I found this, from a review of seven recent books of what might be called 'alternative poetry' (on the analogy of 'alternative music') in The Boston Review, to be a refreshing attempt to describe rather than simply polemicize about one part of the current American poetry scene(s). I have not read Stefans' poetry, but from this piece he seems to be a very intelligent and clear-sighted individual.
“Identifying a central tenet governing American poetry today—at least of the innovative or ‘alternative’ sort—is a hardscrabble affair, and I won’t pretend to be any good at it. At best one can say that it is ‘not just postmodernism anymore,’ meaning that poets in active rebellion against the status quo of the major presses are doing a lot more than rupturing or reducing language to atomized bits, or engaging in polysemic play, or enlivening ‘ellipticist’ practices to ally their work with the major trends of latter-day Modernism. If anything, many innovative poets today are looking for new contracts with their readers, and many are investigating the possibilities of rhetoric: how to use language to be persuasive and argumentative or simply entertaining in manners that court light verse, autobiography, and even meta-fictional universes such as those of Donald Barthelme or Thomas Pynchon.
"There may be several explanations for this turn, chief among them the Internet’s presence as a literary forum offering infinite [sic]varieties of language for use and manipulation. Also pertinent are the prevalence of activist thinking in a time of war, the higher level of formal education among today’s poets compared to that of the past’s misfits and social mavericks, and perhaps even a new interest in writing that, while exploratory, is not so alienating as to be merely fodder for college seminars. In fact many poets today are working through language in ways that move back and forth across the Modernist break, expanding their idioms to include antique strains that recall the Pre-Raphaelites, the Romantics, and the Enlightenment, thus experimenting with the old to estrange language and make it new."
“‘He do the Police in different voices,’ says Dickens’s Betty Hidgen, admiring the animated way that Sloppy reads the newspaper aloud in Our Mutual Friend. Made famous as the working title of T.S. Eliot’s The Waste Land, this sentence has become Modernist shorthand for the claim that a text features a plurality of speakers and viewpoints or an interplay of linguistic registers. While few poets possess the cornucopia of voices Eliot did, innovative American poetry as a whole might be said to have been doing the police in different voices of late, sometimes harking backward in order to advance. This is also reflective of larger trends in the arts—the faux-naif Super-8 features of Guy Maddin, the return of figurative painting to the top galleries, the retro-fit fashions and the fetishization of analog recording endemic in 'indie rock‚' all of which point to a dissatisfaction with the idea of a singular, technologically determined ‘new’ to which we all must adhere, and to a desire for a new contract with the audience. Proselytes for new-media art might be the exception, but even in that field, artists such as jodi.org and Corey Archangel call upon the aesthetics of early computing (the first Atari systems, the pre-Netscape Internet) to show there is no ‘now’ now, and that, without effort, most of us have absorbed the language of today’s art without opening a single critical study. This has been a great boon to poets who are dying to have fun and are employing compelling rhetorical affect—even personae (in Pound’s sense)—as an otherness to engage and provoke.”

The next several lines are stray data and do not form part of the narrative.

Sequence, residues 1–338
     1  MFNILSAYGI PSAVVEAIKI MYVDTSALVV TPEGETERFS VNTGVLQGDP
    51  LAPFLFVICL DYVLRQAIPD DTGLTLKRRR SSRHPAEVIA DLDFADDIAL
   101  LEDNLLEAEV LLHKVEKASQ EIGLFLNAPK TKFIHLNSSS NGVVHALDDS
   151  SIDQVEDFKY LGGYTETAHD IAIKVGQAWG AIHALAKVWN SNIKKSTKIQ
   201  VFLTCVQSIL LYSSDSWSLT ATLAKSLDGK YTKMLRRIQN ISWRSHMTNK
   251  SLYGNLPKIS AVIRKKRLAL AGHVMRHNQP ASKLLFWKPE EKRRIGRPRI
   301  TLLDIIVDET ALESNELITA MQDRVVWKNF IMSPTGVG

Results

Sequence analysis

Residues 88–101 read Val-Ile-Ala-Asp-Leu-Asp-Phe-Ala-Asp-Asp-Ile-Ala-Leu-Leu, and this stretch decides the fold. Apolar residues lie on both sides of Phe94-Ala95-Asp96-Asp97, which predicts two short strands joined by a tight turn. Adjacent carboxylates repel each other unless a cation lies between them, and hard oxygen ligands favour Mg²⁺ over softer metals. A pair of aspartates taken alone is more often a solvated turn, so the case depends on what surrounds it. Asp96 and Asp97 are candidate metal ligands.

from Brian Kim Stefans, “Make It New,” The Boston Review, Volume 31, September/October 2006
Brian Kim Stefans’s most recent book of poetry is What Is Said to the Poet Concerning Flowers. His book of essays and interviews Before Starting Over (Reconstruction S.) came out last fall with Salt Publishing.